- Unless you have significant job experience, you are not going to land a managerial job straight away – so look for graduate entry level roles that will train you
- If you are applying for graduate schemes, make sure you apply before the deadline, and get your competency questions checked before you send them – something you can do at Careers Network. We have a team of highly trained application advisors.
4. What can I do to improve my chances of success?
- Keep your networks up to date – Join your professional body as a graduate member and attend meetings and seminars locally. This helps to get your face known to potential recruiters / employers
- Use sector specific job boards rather than monster etc., and check them regularly
- Create a LinkedIn profile
- Build up a bank of examples to use as evidence in applications that you possess the skills required for the job
5. Am I imposing restrictions on myself?
- It has to be a graduate scheme with a blue chip company. Applications to these are incredibly competitive – enhance your applications by demonstrating you meet their criteria. Bear in mind that less than 20% of graduate jobs are covered by these schemes J
- It has to be a ’graduate’ job – it would be great if that was always the case, but in a competitive job environment, we sometimes have to start a little bit lower and work our way up. If you really want to work for a specific company, it may be the only way…
- Salary – be realistic. Look at the going rates in your local area – they do vary by sector, so if this is an important factor for you, do your research…
- Location – be prepared to relocate if needed, and also think hard about travelling times and distances. Commuting an hour and a half each way may sound OK now, but it becomes a chore after a while, especially in bad weather. Conversely, you can’t wait for that job at the end of the road to materialise either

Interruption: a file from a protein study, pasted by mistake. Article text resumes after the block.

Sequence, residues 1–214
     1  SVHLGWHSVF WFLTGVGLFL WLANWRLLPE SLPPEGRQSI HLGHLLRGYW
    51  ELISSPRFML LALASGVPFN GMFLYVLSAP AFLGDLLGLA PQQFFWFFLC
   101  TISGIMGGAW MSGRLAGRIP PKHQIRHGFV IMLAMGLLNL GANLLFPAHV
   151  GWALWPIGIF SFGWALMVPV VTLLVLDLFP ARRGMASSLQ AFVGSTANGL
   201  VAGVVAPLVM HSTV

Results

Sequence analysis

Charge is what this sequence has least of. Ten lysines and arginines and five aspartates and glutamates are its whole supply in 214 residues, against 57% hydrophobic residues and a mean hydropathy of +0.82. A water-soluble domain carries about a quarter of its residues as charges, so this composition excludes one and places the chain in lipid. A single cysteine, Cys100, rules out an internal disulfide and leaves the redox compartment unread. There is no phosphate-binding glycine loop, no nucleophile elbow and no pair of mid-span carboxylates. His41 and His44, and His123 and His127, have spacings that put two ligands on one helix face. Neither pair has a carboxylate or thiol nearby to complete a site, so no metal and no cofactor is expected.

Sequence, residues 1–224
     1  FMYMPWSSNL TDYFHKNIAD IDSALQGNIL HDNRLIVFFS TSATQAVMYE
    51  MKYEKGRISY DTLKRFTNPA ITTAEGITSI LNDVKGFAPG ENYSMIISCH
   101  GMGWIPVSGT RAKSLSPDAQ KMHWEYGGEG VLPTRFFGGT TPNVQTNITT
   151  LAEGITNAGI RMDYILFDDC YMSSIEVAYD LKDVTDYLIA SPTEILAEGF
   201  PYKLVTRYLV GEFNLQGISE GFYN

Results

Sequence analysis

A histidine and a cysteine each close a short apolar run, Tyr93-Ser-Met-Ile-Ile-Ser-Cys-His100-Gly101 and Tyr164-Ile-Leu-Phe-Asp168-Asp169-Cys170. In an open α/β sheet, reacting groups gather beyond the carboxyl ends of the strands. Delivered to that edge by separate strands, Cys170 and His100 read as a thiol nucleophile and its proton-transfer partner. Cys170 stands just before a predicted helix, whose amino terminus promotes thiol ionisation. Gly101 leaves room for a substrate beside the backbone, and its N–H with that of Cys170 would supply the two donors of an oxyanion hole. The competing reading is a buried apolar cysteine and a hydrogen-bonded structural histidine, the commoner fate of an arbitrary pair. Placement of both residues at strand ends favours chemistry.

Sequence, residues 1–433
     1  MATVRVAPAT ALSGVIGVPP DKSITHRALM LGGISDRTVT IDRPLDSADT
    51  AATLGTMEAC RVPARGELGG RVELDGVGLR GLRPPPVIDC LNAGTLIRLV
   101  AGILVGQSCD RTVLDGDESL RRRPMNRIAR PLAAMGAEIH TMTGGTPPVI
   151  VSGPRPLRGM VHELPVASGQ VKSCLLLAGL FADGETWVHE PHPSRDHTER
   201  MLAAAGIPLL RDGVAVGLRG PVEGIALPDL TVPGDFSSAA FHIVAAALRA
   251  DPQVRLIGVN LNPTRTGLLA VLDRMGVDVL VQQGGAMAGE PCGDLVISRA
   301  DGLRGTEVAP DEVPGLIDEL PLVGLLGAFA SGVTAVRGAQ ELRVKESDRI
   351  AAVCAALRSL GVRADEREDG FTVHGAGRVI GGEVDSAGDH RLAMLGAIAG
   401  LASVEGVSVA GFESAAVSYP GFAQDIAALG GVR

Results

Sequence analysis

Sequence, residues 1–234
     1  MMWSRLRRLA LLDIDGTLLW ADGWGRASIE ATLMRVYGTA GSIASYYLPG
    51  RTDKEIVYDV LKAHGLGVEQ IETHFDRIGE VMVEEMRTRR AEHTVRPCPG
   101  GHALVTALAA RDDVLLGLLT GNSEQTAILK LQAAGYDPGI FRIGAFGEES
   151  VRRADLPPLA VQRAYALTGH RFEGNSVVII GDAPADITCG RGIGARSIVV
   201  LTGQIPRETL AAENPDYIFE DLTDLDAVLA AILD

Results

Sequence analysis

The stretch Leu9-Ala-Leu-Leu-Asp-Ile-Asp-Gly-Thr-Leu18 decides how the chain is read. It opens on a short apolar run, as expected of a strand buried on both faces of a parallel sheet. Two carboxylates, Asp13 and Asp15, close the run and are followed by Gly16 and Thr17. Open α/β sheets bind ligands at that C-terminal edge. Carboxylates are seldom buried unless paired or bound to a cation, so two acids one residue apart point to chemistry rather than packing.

- Hours – you may want to work full time, but part time is better than nothing – you are gaining experience and skills which will enhance your applications for other jobs. You may not like the idea of unsocial hours either, but in some sectors this is standard – and you just have to get used to it
6. I need / want to do postgraduate study
- Research courses, universities and funding
- Check if the course is accredited by your intended professional body
- Apply, gain a place, sort out your funding (!) and do it!
7. I want to travel
- What benefits will you be able to articulate to a potential employer? There is nothing inherently wrong in travelling, but you need to be able to make the links to skills developed during the travel to employers so they don’t consider it as ‘holiday’
- Funding travel – don’t expect to be funded by the bank of mum & dad – get a job,any job, and SAVE money to go travelling. You can frequently pick up part time work when travelling – e.g. teaching English, picking fruit, retail, catering…
Having read all that, it’s not looking quite so bad, is it?!
With all the help available, you can and will be successful – it’s just taking you a bit longer than you thought. You now need to set yourself up for the future.